Fortune Teller Scammed US Woman Out Of $1.6 Million 'To Break A Curse'

Federal authorities say that Sherry Tina Uwanawich, also known as Jacqueline Miller, posed as a fortune teller to scam the unsuspecting victim

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Fortune Teller Scammed US Woman Out Of $1.6 Million 'To Break A Curse'

Sherry Tina Uwanawich had claimed to have "God-given" powers to assist clients with ailments


A Florida woman was sentenced to 40 months in prison after fleecing $1.6 million from a victim by claiming she could lift a family curse.

Federal authorities say that Sherry Tina Uwanawich, also known as Jacqueline Miller, posed as a fortune teller to scam the unsuspecting victim.

She had claimed to have "God-given" powers to assist clients with physical and spiritual ailments, according to a 2018 indictment.

Uwanawich met her victim, named in court documents as V.G., in Houston in 2007, and "gained the trust of the victim and convinced her that a curse had been placed on her and her family," according to a release from U.S. attorney's office for the Southern District of Florida.

"The defendant claimed she needed large sums of money to purchase items, such as crystals, candles and the like, which were needed for meditation work in order to lift the curse," authorities continued. At one point, court documents indicated that Uwanawich asked for jewelry. "Failure to do so, the victim was led to believe, would result in harm to her and her family."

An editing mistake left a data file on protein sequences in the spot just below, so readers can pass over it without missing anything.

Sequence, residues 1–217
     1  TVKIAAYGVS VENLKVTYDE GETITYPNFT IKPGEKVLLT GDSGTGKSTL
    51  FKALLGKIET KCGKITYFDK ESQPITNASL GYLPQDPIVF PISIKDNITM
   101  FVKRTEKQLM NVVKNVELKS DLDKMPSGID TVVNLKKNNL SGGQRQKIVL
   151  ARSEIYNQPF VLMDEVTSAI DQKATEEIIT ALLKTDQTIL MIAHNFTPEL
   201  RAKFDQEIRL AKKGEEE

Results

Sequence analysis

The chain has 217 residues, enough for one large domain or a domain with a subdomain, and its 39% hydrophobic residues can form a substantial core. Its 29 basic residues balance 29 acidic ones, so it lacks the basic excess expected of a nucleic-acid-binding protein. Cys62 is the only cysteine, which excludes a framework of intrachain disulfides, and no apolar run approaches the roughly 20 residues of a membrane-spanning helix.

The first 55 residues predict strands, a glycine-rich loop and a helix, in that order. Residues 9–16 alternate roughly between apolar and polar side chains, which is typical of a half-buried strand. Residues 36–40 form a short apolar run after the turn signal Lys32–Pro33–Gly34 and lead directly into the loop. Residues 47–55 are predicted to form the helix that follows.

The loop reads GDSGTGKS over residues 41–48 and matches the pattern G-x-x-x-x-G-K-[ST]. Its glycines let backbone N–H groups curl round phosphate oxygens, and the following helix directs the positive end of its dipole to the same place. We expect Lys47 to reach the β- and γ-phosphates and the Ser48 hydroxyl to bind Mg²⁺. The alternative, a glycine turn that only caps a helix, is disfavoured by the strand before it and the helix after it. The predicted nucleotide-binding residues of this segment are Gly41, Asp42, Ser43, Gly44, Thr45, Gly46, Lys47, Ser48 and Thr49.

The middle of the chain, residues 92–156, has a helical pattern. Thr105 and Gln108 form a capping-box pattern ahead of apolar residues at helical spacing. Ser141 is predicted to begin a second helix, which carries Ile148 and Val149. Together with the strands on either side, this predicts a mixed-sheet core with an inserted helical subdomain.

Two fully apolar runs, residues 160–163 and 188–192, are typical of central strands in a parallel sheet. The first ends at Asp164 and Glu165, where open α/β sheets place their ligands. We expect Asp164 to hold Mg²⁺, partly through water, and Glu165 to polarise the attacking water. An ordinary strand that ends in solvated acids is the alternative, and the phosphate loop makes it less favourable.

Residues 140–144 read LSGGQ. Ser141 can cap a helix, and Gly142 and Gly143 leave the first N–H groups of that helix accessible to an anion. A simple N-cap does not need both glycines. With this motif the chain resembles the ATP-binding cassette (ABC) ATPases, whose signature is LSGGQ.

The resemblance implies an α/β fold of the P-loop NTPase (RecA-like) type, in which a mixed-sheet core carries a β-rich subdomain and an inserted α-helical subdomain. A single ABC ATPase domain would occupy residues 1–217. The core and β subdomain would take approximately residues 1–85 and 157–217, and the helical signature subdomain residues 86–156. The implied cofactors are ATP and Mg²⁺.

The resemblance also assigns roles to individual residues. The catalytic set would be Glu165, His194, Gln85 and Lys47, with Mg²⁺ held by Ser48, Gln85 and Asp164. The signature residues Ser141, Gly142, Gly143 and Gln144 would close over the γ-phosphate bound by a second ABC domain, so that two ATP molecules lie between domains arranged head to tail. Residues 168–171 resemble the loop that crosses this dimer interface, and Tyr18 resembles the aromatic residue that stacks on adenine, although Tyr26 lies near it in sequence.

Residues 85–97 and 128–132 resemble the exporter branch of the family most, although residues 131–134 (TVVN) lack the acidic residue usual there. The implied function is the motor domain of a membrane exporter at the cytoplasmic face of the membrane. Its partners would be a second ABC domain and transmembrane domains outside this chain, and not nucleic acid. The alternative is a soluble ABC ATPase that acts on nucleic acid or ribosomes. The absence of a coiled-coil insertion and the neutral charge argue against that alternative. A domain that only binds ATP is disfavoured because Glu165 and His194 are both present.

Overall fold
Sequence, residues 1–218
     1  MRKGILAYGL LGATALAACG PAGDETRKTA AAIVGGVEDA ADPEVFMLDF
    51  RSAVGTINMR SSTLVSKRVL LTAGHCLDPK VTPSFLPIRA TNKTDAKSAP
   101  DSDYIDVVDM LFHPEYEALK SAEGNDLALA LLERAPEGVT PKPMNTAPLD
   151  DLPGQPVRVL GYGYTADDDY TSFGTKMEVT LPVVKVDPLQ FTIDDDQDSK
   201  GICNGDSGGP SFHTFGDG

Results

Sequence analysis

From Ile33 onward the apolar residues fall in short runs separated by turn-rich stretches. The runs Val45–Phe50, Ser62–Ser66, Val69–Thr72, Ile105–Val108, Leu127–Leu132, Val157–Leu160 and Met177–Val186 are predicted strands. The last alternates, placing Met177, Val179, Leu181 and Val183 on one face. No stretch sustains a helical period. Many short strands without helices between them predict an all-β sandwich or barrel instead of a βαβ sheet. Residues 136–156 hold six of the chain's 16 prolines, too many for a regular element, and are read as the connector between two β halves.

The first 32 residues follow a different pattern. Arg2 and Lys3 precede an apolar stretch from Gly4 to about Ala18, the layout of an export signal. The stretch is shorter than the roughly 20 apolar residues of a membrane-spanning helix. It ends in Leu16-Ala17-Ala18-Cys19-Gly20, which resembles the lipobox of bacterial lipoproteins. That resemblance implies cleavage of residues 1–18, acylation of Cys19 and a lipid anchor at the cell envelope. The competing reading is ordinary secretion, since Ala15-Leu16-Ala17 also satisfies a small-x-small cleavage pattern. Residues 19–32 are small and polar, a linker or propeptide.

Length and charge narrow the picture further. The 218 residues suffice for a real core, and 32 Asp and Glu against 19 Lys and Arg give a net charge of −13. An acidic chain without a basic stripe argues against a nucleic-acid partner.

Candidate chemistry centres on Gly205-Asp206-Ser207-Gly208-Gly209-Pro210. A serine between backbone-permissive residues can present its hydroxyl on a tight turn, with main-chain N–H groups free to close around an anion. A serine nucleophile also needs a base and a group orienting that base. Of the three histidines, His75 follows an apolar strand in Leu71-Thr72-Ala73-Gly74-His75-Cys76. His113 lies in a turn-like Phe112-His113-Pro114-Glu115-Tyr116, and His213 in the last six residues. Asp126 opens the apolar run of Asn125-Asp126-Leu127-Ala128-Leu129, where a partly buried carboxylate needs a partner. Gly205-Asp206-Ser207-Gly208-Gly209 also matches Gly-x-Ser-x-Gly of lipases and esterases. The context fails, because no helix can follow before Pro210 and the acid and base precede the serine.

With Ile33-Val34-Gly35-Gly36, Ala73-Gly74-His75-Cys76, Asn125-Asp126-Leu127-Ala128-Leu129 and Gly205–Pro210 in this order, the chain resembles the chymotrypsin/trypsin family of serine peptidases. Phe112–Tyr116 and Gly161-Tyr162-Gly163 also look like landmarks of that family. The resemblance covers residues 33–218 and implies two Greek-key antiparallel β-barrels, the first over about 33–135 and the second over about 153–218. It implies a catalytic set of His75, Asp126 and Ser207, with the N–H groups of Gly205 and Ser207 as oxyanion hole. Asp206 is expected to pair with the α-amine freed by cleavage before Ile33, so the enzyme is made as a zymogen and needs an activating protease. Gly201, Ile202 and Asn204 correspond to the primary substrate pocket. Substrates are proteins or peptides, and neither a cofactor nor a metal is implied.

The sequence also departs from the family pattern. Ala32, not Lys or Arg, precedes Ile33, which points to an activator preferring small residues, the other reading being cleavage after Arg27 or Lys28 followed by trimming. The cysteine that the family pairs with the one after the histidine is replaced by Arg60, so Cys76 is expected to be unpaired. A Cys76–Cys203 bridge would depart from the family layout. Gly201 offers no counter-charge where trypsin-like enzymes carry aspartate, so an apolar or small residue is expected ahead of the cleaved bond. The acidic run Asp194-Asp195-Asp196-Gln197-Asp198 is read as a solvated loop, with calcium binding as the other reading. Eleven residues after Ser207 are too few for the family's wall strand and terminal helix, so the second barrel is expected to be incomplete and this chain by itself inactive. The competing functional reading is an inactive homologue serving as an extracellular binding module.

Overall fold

Their relationship continued even when Uwanawich moved to South Florida. All told, her services rung up a $1.6 million tab for the allegedly cursed woman.

Federal prosecutors announced Monday that Uwanawich had been ordered to serve time and pay full restitution to her victim. She had previously pleaded guilty to one count of wire fraud.

The scheme came to an end in 2014, prosecutors say, when Uwanawich informed her victim that she could not, in fact, lift the curse.

But Uwanawich's lawyer, James Stewart Lewis, told The Washington Post that his client was forced into fortune telling by her family, who are members of the Romani community (also known as Roma). He also claimed that she had been diagnosed with schizophrenia, which led her to believe that she had psychic abilities.

Court documents show a request for a psychiatric evaluation of Uwanawich, but Lewis said the actual evaluations are under seal.

"Under all the circumstances I think her sentence is pretty harsh," he said. "I feel bad for her."



(Except for the headline, this story has not been edited by NDTV staff and is published from a syndicated feed.)


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